The Collegian
Friday, August 12, 2022

Where is the love? Time to help Haiti

Last week, a tragedy occurred in the Caribbean. The devastating earthquake that hit the island of Haiti has killed hundreds of thousands, and the death toll is increasing each day. Corpses and survivors alike lie among the ashen aftermath, as many of the living are still trapped under bodies and rubble. This has left the already poverty-stricken country in chaos. In times like these, it is vital for us all to support our fellow man, stay positive and reflect.

It has been a struggle getting aid to Haiti, because the damage has affected the airport, shipping ports and roads. The simple communication that we all have taken for granted has been destroyed - telephone lines and electricity went down immediately after the quake hit. There has been frustration on both ends. Haitians are suffering from the lack of aid, and relief workers are having a hard time getting to the island to help.

There is light at the end of the tunnel. Help is coming together slowly but surely. Various relief funds have been established and President Barack Obama is teaming up with former presidents George Bush and Bill Clinton to provide aid as well. On the home front, organizations on campus are creating their own fundraisers for the earthquake victims. It's amazing what we as a people are capable of when we put our heads together for a common cause.

Positivity is vital. It's all the victims have to hold on to at this point. Unwanted negativity only makes matters worse. Unfortunately, there already has been some unwanted negativity. Televangelist Pat Robertson went on the Christian Broadcasting Network after the quake, but didn't share any inspirational Bible verses or words of wisdom. Instead, he chose to blame Haiti for the catastrophe.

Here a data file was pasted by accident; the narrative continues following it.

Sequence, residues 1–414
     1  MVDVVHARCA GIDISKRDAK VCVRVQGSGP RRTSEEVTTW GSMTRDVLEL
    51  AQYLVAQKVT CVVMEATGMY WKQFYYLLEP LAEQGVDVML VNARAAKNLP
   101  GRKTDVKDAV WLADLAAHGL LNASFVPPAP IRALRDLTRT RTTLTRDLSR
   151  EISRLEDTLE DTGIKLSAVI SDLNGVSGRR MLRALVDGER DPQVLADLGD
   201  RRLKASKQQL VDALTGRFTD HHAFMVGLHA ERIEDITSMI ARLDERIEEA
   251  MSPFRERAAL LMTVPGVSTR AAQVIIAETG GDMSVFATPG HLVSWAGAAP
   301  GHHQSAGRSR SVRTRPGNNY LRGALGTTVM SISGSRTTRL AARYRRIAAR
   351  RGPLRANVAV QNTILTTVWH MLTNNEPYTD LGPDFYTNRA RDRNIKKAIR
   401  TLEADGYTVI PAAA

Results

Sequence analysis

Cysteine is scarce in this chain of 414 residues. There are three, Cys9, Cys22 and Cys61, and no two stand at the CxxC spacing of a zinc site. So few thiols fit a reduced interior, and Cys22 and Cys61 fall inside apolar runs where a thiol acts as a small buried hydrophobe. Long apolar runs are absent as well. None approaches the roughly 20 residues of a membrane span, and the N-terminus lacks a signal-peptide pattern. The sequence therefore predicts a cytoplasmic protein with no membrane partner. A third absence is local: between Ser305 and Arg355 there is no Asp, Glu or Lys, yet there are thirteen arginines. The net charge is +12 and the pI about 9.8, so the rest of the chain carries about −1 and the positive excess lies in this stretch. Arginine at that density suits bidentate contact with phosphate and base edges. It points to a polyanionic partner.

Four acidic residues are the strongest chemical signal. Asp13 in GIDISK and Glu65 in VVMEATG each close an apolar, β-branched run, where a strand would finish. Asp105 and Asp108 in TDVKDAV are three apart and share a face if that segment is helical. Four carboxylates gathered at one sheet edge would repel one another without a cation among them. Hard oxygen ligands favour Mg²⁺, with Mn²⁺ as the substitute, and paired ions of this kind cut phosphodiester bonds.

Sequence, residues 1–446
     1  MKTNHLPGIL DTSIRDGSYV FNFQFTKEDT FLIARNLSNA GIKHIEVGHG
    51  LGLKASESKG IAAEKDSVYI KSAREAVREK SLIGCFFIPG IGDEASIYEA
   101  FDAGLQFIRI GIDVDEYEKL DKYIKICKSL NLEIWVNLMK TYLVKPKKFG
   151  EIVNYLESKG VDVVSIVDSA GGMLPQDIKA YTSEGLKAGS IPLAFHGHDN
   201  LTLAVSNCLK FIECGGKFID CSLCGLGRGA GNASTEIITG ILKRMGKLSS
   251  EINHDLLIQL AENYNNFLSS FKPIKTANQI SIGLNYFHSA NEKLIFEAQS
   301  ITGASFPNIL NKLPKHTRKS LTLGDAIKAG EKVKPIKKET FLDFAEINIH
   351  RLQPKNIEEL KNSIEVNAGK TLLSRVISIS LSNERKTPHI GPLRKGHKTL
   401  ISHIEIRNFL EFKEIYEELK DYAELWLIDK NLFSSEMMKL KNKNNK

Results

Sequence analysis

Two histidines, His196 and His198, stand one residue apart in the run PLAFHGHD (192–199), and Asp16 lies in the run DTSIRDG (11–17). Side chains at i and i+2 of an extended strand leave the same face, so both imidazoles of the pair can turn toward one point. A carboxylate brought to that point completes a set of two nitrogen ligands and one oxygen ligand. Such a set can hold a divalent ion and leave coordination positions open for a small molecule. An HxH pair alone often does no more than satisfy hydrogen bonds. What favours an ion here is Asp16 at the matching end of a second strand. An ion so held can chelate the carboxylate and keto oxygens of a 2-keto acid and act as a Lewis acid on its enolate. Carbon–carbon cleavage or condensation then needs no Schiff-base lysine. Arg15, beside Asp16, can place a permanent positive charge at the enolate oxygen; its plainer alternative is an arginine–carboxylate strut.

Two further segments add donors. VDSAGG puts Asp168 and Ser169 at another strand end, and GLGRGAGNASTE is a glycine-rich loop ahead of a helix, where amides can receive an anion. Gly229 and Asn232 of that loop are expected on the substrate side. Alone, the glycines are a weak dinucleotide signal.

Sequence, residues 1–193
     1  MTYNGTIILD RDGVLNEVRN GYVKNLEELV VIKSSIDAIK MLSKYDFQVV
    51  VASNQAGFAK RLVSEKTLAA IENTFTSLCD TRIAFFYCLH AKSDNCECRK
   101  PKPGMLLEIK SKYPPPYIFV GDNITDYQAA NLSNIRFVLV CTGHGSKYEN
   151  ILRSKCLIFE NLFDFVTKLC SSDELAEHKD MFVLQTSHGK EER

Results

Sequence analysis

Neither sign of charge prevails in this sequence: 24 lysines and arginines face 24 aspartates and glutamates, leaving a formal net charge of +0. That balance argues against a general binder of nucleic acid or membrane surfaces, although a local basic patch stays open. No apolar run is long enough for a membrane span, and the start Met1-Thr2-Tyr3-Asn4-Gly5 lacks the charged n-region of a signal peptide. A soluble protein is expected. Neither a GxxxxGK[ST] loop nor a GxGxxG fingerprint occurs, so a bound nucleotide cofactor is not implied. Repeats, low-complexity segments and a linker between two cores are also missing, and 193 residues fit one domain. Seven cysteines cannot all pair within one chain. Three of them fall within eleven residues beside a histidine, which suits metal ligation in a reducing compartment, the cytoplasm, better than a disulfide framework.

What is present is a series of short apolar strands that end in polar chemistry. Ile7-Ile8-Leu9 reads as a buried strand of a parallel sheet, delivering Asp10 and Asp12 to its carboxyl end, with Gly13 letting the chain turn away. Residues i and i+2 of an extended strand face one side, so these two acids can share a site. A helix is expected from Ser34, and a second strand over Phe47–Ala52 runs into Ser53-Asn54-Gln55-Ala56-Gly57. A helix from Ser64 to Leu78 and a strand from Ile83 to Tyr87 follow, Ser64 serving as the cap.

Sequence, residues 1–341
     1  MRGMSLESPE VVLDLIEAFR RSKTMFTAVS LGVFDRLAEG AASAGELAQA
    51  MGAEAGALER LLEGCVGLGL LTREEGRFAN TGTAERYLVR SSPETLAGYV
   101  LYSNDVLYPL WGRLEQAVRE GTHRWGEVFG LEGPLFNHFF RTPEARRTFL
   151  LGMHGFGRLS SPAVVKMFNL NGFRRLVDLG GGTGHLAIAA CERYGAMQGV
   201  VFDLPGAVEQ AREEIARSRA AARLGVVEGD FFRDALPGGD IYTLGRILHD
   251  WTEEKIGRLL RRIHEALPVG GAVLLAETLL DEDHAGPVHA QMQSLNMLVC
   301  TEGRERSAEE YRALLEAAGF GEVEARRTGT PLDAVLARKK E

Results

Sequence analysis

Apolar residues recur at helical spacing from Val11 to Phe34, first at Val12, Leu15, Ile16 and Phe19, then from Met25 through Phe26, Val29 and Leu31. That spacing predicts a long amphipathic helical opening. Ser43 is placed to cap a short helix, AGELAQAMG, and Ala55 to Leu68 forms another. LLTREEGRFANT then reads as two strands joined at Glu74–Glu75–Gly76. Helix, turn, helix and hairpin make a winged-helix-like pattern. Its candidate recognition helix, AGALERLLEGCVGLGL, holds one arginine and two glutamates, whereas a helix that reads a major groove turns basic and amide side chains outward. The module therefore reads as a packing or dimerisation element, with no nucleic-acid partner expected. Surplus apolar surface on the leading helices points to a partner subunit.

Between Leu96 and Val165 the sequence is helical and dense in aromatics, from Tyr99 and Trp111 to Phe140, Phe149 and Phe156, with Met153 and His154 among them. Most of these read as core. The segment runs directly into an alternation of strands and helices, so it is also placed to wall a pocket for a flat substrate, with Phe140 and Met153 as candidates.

"They were under the heel of the French," Robertson said when speaking about the earthquake. "You know, Napoleon III, or whatever. And they got together and swore a pact to the devil. They said, 'We will serve you if you'll get us free from the French.' True story. And so, the devil said, 'OK, it's a deal.' ... Ever since, they have been cursed by one thing after the other."

I don't know why someone would say something of that nature during such trying times, but what would such a comment do to help things in Haiti? Was that supposed to bring up the spirits of the Haitians? Was it intended to promote helping the victims? I highly doubt it. Words of encouragement would have been a better choice, as when Obama addressed the world.

"In these difficult hours, America stands united," he said. "We stand united with the people of Haiti, who have shown such incredible resilience, and we will help them to recover and to rebuild." I am sure that will serve as a better inspiration than Robertson's blame game.

I hope that watching the news, seeing the graphic photos of victims and devastation, hearing the death toll steadily rise and listening to all of the details of the aftermath has touched you in some way. We all should be thankful for who and what we have in our lives each and every day, no matter what country we're from, what color we are or what religion we may or may not live by. Life is so precious, and it can be taken away so fast.

I'm not suggesting to live a life in fear, but simply to take a look around and think about all that you have. Then think about all that the earthquake victims don't have at the moment. The two are nowhere near proportionate. Let's see it through that we do all we can to help Haiti and bridge the gap. As the Clinton Bush Haiti Fund's Web site says, "Responding to disaster is the work of all of us."

Contact staff writer Kiara Lee at kiara.lee@richmond.edu

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